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  Venezuela   
Introduction
Geography
People
Government
Economy
Communications
Transportation
Military
Transnational
Issues
  Introduction Back To Top

Background:
Venezuela was one of three countries that emerged from the collapse of Gran Colombia in 1830 (the others being Ecuador and New Granada, which became Colombia). For most of the first half of the 20th century, Venezuela was ruled by generally benevolent military strongmen, who promoted the oil industry and allowed for some social reforms. Democratically elected governments have held sway since 1959. Hugo CHAVEZ, president since 1999, seeks to implement his "21st Century Socialism," which purports to alleviate social ills while at the same time attacking globalization and undermining regional stability. Current concerns include: a weakening of democratic institutions, political polarization, a politicized military, drug-related violence along the Colombian border, increasing internal drug consumption, overdependence on the petroleum industry with its price fluctuations, and irresponsible mining operations that are endangering the rain forest and indigenous peoples.

  Geography Back To Top

Freshwater withdrawal (domestic/industrial/agricultural):
total: 8.37 cu km/yr (6%/7%/47%)
per capita: 313 cu m/yr (2000)

Total renewable water resources:
1,233.2 cu km (2000)

Land boundaries:
total: 4,993 km
border countries: Brazil 2,200 km, Colombia 2,050 km, Guyana 743 km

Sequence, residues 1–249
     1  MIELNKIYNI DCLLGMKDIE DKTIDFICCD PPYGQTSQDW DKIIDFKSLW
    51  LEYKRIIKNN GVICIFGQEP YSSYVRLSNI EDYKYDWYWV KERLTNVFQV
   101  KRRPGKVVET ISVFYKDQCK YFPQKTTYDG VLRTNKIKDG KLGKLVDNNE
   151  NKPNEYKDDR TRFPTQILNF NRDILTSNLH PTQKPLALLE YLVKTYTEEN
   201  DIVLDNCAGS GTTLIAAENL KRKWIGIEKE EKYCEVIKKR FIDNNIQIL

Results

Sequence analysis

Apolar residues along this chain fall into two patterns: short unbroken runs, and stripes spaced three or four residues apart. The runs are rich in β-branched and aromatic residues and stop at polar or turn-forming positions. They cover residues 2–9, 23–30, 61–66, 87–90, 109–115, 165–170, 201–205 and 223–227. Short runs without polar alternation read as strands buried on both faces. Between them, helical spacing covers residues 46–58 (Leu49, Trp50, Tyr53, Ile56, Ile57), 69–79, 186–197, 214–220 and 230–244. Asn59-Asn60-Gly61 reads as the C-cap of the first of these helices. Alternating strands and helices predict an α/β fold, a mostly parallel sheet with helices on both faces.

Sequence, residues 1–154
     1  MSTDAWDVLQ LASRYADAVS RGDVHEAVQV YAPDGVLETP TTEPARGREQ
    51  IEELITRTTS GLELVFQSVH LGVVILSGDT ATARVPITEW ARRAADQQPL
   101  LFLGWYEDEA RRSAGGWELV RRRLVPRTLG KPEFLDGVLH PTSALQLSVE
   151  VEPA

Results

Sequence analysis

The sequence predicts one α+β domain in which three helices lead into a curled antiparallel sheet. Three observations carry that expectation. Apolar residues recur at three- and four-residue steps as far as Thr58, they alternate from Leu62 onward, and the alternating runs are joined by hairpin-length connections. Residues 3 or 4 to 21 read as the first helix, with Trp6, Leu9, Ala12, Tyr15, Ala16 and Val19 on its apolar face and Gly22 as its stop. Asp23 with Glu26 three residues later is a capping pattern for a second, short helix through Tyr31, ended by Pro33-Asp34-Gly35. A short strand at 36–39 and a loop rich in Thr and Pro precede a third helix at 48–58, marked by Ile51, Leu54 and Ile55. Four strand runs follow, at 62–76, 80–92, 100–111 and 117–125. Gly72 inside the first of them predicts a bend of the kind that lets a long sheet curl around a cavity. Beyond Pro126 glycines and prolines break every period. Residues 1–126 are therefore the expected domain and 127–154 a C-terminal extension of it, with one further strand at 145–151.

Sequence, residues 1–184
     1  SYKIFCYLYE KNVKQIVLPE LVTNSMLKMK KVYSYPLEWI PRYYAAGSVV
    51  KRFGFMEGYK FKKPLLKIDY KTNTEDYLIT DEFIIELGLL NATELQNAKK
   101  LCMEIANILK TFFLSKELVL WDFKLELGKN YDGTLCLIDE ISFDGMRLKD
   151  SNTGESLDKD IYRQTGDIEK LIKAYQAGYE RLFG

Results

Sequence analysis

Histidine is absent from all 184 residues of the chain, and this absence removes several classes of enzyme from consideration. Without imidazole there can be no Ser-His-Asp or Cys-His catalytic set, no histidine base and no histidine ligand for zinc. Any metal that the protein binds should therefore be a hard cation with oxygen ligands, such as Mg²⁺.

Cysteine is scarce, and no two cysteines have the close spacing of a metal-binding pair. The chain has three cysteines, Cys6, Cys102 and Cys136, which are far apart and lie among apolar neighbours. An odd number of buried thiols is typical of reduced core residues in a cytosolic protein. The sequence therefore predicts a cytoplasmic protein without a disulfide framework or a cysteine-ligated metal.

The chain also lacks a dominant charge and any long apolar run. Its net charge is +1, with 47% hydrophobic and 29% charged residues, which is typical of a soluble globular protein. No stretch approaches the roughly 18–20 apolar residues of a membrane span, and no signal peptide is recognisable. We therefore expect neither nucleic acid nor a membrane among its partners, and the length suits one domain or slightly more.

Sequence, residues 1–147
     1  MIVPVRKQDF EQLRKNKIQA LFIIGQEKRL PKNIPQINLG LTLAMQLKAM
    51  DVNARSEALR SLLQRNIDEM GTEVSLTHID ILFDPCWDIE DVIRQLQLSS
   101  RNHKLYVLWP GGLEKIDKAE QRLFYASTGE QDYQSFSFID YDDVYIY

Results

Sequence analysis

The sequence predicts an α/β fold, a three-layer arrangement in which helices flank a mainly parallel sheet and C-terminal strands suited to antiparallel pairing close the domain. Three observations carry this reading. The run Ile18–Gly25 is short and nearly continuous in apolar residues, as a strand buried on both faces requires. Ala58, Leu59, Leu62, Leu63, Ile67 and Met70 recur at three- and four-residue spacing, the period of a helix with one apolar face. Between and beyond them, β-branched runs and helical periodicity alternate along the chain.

Environment - international agreements:
party to: Antarctic Treaty, Biodiversity, Climate Change, Climate Change-Kyoto Protocol, Desertification, Endangered Species, Hazardous Wastes, Marine Life Conservation, Ozone Layer Protection, Ship Pollution, Tropical Timber 83, Tropical Timber 94, Wetlands
signed but not ratified:: none of the selected agreements

Climate:
tropical; hot, humid; more moderate in highlands

Map references:
South America

Geographic coordinates:
8 00 N, 66 00 W

Natural resources:
petroleum, natural gas, iron ore, gold, bauxite, other minerals, hydropower, diamonds

Elevation extremes:
lowest point: Caribbean Sea 0 m
highest point: Pico Bolivar (La Columna) 5,007 m

Terrain:
Andes Mountains and Maracaibo Lowlands in northwest; central plains (llanos); Guiana Highlands in southeast

Geography - note:
on major sea and air routes linking North and South America; Angel Falls in the Guiana Highlands is the world's highest waterfall

Area:
total: 912,050 sq km
land: 882,050 sq km
water: 30,000 sq km

Location:
Northern South America, bordering the Caribbean Sea and the North Atlantic Ocean, between Colombia and Guyana

Coastline:
2,800 km

Area - comparative:
slightly more than twice the size of California

Irrigated land:
5,750 sq km (2003)

Environment - current issues:
sewage pollution of Lago de Valencia; oil and urban pollution of Lago de Maracaibo; deforestation; soil degradation; urban and industrial pollution, especially along the Caribbean coast; threat to the rainforest ecosystem from irresponsible mining operations

Maritime claims:
territorial sea: 12 nm
contiguous zone: 15 nm
exclusive economic zone: 200 nm
continental shelf: 200-m depth or to the depth of exploitation

Natural hazards:
subject to floods, rockslides, mudslides; periodic droughts

Land use:
arable land: 2.85%
permanent crops: 0.88%
other: 96.27% (2005)

  People Back To Top

Total fertility rate:
2.52 children born/woman (2008 est.)

Sex ratio:
at birth: 1.05 male(s)/female
under 15 years: 1.03 male(s)/female
15-64 years: 0.97 male(s)/female